While La Salle was in France making these arrangements he was introduced to a man who was to play a large part in his life. This was a young Italian named Henri de Tonty who had come to France under unusual circumstances.

The father of this brave officer was a Neapolitan banker, Lorenzo de Tonty, who got into trouble in his native city by dabbling in politics and involving himself so deeply on the losing side that he had to flee with his family.

Henri de Tonty was a sailor. He had entered the French service as a cadet and through sheer merit and bravery had advanced rapidly to the rank of captain. At the battle of Libisso a grenade shot away his right hand. Knowing that he could not expect medical aid at once, the gallant young officer cut away the jagged flesh with a knife and kept on fighting. He had an iron hand made and thus, at a time when rumors still circulated in France about a mysterious prisoner who was called the Man in the Iron Mask, Tonty became known as the Man with the Iron Hand. He wore a glove over it and was believed to be capable of handling a sword just as well with his artificial hand as before.

When he met La Salle, Tonty was in his late twenties. He was a tall fellow with a prominent nose jutting out from gaunt cheeks. His mustache had waxed ends that turned up sharply. La Salle conceived an immediate liking for Tonty and offered him a post as his lieutenant in America. Tonty accepted gladly. The brave Italian seems to have been the only real friend the reserved La Salle ever had.

La Salle never seemed concerned over the ease with which he made enemies. He was too engrossed in his dreams to care what other men thought of him. La Salle was practical enough to know that money was needed in large quantities to carry out the plans which filled his head. He was willing to go to any lengths to get it. But a study of this strange man leaves the conviction that he had no concern over money for its own sake. His was the true pioneering spirit, and the almost demoniac passion with which he fought to claim the Mississippi was not inspired by a consideration of future profits. He saw glory in the accomplishment and he would have been content if no other reward had offered.

On his return to New France with

Tonty, La Salle lost no time in setting out for the west. A party of volunteers went ahead to prepare a base on the Niagara River. La Salle and Tonty followed with the bulk of the party.

The next step was to build a boat above the Falls, one large enough to take the whole party with their supplies over the waters of the Great Lakes. La Salle had received disturbing intelligence from the colony that his enemies, now including his brother at Montreal, who was standing like a watchdog over the family funds, were combining actively against him. He felt it advisable to return at once and do whatever he could to repair his fences. This meant a trip on foot, across the face of the Iroquois country and over the frozen surface of Lake Ontario, a matter of many months. The task of constructing the boat, therefore, fell to the lot of Henri de Tonty.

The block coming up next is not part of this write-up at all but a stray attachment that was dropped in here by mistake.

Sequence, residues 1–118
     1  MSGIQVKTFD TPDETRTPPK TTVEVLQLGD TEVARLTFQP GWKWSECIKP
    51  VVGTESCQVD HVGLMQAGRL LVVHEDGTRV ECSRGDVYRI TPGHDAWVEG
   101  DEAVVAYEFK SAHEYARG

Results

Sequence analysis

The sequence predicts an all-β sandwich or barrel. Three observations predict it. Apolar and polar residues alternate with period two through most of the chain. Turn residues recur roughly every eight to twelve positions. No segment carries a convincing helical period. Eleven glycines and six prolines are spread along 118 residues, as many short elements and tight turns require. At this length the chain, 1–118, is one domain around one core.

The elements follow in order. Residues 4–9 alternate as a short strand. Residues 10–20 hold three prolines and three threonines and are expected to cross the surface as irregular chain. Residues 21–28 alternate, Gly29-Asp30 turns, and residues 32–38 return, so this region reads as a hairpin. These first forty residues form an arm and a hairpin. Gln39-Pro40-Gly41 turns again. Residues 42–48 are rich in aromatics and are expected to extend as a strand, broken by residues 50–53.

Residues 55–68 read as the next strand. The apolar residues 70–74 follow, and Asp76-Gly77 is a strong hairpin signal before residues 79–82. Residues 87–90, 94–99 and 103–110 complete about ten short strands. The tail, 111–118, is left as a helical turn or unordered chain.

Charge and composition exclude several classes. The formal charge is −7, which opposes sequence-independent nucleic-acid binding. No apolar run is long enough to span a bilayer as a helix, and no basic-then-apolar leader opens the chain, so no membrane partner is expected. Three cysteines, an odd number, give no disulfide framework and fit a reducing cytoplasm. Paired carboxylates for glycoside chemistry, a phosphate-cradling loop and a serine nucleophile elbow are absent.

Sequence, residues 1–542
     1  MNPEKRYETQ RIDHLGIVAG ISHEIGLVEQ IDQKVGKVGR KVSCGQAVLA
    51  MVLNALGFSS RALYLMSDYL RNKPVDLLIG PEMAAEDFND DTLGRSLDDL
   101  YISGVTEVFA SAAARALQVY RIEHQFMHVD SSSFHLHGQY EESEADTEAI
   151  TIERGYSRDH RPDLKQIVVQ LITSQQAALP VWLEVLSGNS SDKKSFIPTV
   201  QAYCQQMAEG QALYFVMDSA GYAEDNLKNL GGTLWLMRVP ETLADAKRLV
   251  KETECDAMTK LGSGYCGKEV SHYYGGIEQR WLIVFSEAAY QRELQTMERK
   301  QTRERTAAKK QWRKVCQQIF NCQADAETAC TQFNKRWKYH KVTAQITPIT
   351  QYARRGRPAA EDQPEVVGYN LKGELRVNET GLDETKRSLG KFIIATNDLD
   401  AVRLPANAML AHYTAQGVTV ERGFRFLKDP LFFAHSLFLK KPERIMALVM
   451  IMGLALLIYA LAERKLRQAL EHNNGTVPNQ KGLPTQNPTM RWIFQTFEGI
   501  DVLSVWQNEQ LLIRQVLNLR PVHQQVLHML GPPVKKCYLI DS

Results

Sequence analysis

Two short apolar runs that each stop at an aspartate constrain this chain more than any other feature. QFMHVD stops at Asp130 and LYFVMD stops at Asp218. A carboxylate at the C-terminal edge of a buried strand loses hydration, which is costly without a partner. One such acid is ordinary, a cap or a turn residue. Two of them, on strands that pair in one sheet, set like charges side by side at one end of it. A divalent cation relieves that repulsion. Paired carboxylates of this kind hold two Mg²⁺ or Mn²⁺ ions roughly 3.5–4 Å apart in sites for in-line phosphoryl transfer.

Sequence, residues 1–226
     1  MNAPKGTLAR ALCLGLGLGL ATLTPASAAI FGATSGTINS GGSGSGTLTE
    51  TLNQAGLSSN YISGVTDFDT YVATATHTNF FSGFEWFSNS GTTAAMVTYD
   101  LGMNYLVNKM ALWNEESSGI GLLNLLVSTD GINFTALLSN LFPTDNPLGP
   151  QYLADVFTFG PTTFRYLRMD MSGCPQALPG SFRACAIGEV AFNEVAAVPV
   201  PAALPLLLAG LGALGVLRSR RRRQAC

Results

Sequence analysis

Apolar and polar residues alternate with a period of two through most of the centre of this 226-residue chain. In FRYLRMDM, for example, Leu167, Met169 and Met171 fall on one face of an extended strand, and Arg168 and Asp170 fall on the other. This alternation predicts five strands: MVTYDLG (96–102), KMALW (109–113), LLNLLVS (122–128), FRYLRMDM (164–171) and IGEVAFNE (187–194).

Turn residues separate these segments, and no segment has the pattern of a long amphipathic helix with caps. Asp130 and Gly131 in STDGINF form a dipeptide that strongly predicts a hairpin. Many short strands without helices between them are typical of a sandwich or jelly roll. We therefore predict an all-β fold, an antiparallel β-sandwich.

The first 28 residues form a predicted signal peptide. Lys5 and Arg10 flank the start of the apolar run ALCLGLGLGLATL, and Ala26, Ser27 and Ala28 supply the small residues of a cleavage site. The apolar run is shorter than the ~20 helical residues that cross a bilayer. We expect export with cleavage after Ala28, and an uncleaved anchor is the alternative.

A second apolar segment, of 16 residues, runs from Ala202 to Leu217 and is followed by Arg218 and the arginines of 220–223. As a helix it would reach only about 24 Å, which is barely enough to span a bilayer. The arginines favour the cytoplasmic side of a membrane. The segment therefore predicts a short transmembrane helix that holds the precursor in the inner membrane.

The Man with the Iron Hand rose nobly to the need. While La Salle was

plowing on snowshoes over the Iroquois trails, in constant danger of his life, his Italian-born friend was performing a miracle of another kind, the construction of the forty-five-foot vessel which had been designed.

By spring the vessel was ready. It was christened the Griffin as a compliment to Frontenac, whose coat of arms included that mythical beast. It was not until late in August, however, that La Salle put in an appearance. He had much bad news to tell. His brother, the Montreal Sulpician, had ordered all the pelts stored at Fort Frontenac to be seized and sold at auction in Quebec. Of the amount realized, which was considerable, La Salle himself had been allowed only 14,990 livres. François Plet, maker of loans at forty percent interest, had come over from France to protect his investment and had located himself at Fort Frontenac, where he was watching everything that happened with what might be termed a forty-percent eye. Other creditors in the colony were clamoring for dividends.

What course should they follow now? The indomitable La Salle declared that they must go on. They had the Griffin, they had food in the hold, they had a stout crew. They had nothing to lose but their debts.

There has never been a story to excel that of La Salle. It was adventure piled on adventure, misfortune added to misfortune, curious quirk imposed on twist of malign circumstance. It was a tale in which stout comrades and unrelenting enemies played their parts, an epic of cruelty and suffering and privation. Through it all La Salle displayed a grim determination to succeed in spite of everything and a courage which at times strains credulity and defies comparison.

When the Griffin reached the head of the lakes, the La Salle party found themselves balked at every turn by open opposition. The Jesuit missionaries, who had come to distrust and even hate Frontenac, regarded this partner and favorite of the governor with an equal degree of resentment. Even the Indians had been poisoned against him in advance. In spite of the suspicion they encountered at every step La Salle and his companions threw themselves into the fur trading with so much success that the hold of the Griffin became filled with prize pelts. La Salle decided then to send the ship back so that the cargo could be used to pay off the most pressing of his debts.

After the departure of the Griffin with its vital cargo the explorer made himself familiar with the course of the Illinois and at a strategic point near what is now Peoria he built a strong post and called it Fort Grèvecoeur. The construction of a new ship to be used in the navigation of the Mississippi was begun.